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Tuesday, September 02, 2014

Ind. Decisions - 7th Circuit rules Indiana right-to-work law is not unconstitutional [Revised]

Here is the first report, from ABC and WRTV6.

The Indiana Supreme Court is considering the question on Thursday.

Here is the 59-page, 2-1 opinion in Sweeney v. Pence (ND Ind., Simon). Judge Tinder writes:

Plaintiff‐Appellants, members and officers of the International Union of Operating Engineers, Local 150, AFL‐CIO (“the Union”) appeal the district court’s dismissal of their suit, arguing that the Indiana Right to Work Act violates their rights under the United States Constitution and is preempted by federal labor legislation. Because the legislation is not preempted by the scheme of federal labor law and does not violate any constitutional rights, we affirm the district court’s dismissal of the suit.
Chief Judge Wood's dissent begins on p. 32:
Today’s decision is either incorrect or it lays bare an unconstitutional confiscation perpetuated by our current system of labor law. In my view, the better view is the former: the majority has simply misunderstood the federal statutory scheme, taken as a whole. The plain language of section 14(b) of the National Labor Relations Act (NLRA) does not support such sweeping force for Indiana’s Right to Work law. IND. CODE § 22‐6‐6. No ruling of the Supreme Court has gone this far, and the legislative history of section 14(b) (for those who consider it relevant at all) is inconclusive. Even if, however, one thought that there were some ambiguity in the NLRA, the principle of constitutional avoidance provides a powerful reason to reject the majority’s holding. I would find sections 8(2) and 8(3) of Indiana’s statute, Ind. Code § 22‐6‐6‐8(2), (3), preempted by federal statute. I therefore respectfully dissent.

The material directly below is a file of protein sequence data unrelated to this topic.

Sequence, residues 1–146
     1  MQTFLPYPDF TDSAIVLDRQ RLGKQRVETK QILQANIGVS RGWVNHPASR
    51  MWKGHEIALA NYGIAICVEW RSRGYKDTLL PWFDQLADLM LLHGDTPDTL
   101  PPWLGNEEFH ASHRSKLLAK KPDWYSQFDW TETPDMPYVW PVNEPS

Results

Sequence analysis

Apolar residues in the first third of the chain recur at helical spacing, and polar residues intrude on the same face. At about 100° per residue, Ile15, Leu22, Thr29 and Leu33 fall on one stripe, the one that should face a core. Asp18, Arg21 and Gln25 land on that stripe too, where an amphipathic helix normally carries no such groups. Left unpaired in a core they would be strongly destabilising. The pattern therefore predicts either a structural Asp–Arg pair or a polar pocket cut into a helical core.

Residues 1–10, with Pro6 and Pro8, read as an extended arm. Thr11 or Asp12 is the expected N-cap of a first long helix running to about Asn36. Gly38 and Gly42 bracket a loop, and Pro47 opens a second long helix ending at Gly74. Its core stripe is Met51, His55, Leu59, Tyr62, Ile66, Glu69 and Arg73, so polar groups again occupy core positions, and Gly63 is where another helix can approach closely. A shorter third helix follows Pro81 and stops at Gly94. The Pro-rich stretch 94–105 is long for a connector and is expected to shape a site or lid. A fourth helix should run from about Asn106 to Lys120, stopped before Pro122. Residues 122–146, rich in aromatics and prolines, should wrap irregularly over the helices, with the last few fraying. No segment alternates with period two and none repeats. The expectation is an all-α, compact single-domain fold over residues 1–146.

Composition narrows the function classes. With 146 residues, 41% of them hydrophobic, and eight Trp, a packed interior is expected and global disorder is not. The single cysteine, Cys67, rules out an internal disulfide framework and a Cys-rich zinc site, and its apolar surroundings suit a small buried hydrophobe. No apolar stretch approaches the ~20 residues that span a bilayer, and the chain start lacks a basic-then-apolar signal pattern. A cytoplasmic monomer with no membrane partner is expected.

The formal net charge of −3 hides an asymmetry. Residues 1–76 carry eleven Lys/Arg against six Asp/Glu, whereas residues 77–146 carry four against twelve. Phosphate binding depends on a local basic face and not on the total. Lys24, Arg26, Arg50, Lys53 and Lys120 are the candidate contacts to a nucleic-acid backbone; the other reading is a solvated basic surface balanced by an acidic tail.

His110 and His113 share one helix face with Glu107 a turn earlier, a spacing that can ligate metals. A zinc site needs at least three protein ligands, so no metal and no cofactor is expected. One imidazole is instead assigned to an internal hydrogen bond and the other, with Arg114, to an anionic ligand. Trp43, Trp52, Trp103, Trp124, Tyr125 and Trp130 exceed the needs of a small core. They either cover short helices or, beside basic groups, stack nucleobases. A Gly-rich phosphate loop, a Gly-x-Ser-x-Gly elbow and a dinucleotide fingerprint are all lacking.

Posted by Marcia Oddi on September 2, 2014 11:57 AM
Posted to Ind Fed D.Ct. Decisions